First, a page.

Jul 06, 2020

How Video Games Can Motivate Youth to Learn Chinese Culture and Language

In the modern world, young learners can easily find the motivation to learn about other cultures and languages. They can turn to serials, shows, and social media to get a grasp of the foreign culture and way of speaking. The Chinese language is not an exception. Except for the above-said methods, there is another way of learning Chinese, which is playing video games. These games allow you to brush up the Mandarin skills such as reading and listening, as the games allow great dialogues, rich visual compound, and exciting storytelling. This way, a learner is always engaged in the language surrounding. People may spend much time playing, which also means much time learning. I know non-native speakers of English who had learned the language by playing video games mainly. So, let us look at some of the easiest ways to learn Chinese culture and language through video games.

  • Total War: Three Kingdoms (全面战争:三国)

The majority of youth in China grow up watching or reading stuff about the Three Kingdoms, which is a series of massive battles of heroic characters of the past. Naturally, everyone would role-play the game and dream about becoming a great army leader. In this game, one can do this. It’s one of the most popular strategies in China. Total War: Three Kingdoms has a great localization, which includes half vernacular and half literary wordings. The combination of popularity and great translation makes this game one of the top learning choices.

  • Dynasty Warriors (真・三國無双)

This is a series of video games, which comprise hack and slack action. Interestingly, it is based on real Chinese historical texts, which allows the player to get insights into Chinese war history. The latest released part, Dynasty Warriors 9, came out in 2018 and was a great success in players. It has a more serious approach to storytelling than the other games, with its different perspectives in various kingdoms. It makes the game perfect for young learners who can combine learning history and winning battles.

  • Sleeping Dogs (香港秘密警察)

This game lets you uncover the dark side of Hong Kong and experience life as an undercover cop. The main hero has to convince the triads that he is one of them, which leads to trouble. The criminals would test him by pushing the cop to his limits and blurring the fringe between a criminal and a lawful citizen. This game is a great choice for youth who had always been interested in triad-cop battle. The game proves the fact that for criminal adventure, accurate translation is a key to popularity abroad. Thus, the game gives broad insights into Chinese “street” speech and slang. Play the game in Chinese and see it yourself!

  • Hazy Days 

This game touches upon serious environmental issues. You have to play for Xiao Feng, a schoolgirl who visits her grandmother on the Chinese New Year. However, there is a heavy smog in the city, so you have to control her breathing during the high levels of pollution. This simple game is incredibly thoughtful, educational, and entertaining. It is suitable for younger learners, as it helps to give them a message of environmental awareness. The delivery of the idea is exceptional, as the events are grounded in today’s reality. The game helps to learn basic Chinese terms and words, which makes it also very useful from the point of view of language learning capabilities.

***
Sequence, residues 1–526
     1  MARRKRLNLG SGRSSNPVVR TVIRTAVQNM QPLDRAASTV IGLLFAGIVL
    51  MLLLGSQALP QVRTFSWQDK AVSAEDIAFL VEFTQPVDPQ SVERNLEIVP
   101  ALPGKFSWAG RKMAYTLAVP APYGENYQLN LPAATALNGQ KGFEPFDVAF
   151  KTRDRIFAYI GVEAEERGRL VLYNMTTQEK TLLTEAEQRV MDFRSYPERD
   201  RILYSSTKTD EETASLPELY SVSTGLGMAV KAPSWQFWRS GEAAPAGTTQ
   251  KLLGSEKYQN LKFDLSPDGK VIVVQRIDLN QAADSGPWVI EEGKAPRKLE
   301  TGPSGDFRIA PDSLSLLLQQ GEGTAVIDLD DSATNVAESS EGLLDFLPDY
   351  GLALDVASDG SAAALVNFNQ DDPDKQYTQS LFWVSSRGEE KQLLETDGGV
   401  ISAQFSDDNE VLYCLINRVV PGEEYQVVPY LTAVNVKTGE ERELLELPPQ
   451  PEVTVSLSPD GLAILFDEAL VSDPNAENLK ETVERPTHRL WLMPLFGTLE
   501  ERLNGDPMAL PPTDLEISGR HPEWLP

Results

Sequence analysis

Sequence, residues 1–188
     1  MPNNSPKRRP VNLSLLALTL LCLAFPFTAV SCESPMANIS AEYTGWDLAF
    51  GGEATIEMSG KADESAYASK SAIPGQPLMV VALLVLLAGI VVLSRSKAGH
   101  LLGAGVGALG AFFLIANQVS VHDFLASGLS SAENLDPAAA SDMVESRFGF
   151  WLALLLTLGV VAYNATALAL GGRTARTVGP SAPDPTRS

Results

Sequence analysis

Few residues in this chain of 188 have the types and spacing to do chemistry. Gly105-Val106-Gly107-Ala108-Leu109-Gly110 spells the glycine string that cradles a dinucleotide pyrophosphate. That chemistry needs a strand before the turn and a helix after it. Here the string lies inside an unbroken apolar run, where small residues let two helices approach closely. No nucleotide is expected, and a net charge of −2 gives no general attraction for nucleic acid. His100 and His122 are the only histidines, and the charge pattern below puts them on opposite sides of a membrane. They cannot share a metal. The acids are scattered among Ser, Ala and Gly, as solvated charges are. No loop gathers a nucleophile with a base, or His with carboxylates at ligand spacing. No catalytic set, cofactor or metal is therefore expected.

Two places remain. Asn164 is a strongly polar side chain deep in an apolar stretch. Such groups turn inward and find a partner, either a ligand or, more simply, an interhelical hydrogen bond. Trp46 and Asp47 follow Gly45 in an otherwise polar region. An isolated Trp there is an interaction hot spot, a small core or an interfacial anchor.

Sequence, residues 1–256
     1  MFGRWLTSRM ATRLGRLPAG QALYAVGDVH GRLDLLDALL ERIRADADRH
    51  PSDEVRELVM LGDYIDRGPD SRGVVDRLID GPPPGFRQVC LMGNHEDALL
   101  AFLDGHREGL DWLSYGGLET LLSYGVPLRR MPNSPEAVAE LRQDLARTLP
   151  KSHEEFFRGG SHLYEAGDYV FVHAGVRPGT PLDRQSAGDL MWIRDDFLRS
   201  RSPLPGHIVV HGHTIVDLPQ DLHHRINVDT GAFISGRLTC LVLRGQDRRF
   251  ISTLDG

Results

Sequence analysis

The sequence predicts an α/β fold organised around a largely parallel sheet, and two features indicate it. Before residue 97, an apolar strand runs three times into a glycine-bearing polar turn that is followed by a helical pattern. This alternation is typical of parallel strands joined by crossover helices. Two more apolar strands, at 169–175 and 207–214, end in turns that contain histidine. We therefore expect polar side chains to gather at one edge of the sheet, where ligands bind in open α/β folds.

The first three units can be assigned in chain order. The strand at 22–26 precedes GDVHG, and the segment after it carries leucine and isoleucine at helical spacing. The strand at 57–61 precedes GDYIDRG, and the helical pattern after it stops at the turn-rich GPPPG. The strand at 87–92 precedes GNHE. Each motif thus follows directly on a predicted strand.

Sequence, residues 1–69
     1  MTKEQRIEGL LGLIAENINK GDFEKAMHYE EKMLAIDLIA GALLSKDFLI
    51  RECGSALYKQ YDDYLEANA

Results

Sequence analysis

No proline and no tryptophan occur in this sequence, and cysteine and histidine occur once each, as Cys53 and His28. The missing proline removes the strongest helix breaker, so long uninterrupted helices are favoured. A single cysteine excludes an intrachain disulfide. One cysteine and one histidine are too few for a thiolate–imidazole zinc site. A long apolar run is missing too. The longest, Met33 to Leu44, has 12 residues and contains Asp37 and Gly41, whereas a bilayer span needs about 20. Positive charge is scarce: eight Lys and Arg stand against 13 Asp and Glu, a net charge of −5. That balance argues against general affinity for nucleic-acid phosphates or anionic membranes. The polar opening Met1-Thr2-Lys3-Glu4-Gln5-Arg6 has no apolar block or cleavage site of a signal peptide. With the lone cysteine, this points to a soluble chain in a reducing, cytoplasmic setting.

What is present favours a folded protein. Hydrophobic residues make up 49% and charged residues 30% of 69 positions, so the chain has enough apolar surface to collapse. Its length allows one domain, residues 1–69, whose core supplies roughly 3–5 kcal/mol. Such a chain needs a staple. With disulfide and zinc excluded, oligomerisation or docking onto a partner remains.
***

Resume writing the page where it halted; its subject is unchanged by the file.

• Oriental Empires (东方帝国)

This is a great strategy game that represents Ancient China. You can develop your own civilization, build cities, make armies, and witness impressive battlefields. For those young learners who enjoy historical strategies, this game will be of primary interest. This civilization builder has single-player campaigns and multiplayer mode, a historical scenario, and a realistic period map of China centuries ago. It is a great source of language learning, which allows learning of intermediate vocabulary. An excellent setting, plot, and game interface will make young people interested in learning Chinese culture and language.

Games have been a great source of knowledge and entertainment for a long time. Since the emergence of video games, their popularity grows. However, games may also be used for getting to know the other culture. When youth plays China-themed games, they automatically become engaged in cultural and language surrounding, which makes them avid readers and learners. The games presented above are various. Some of them, like the Oriental Empire, Total War: Three Kingdoms, and Dynasty Warriors, give broad insights into Ancient Chinese culture, while Sleeping Dogs and Hazy Days show the world of modern China. Whatever you may choose, be sure that the youth will be fascinated with China and its unique culture and language.

By Mark Blackwood | A Super Chineasian

Mark Blackwood is a gaming enthusiast who knows two foreign languages and works at Pickwriters. He says that games are a great source of knowledge about other cultures. Mark’s goal is to learn ten languages in a lifetime, and his favorite time-spending activity is exploring new places in the world.

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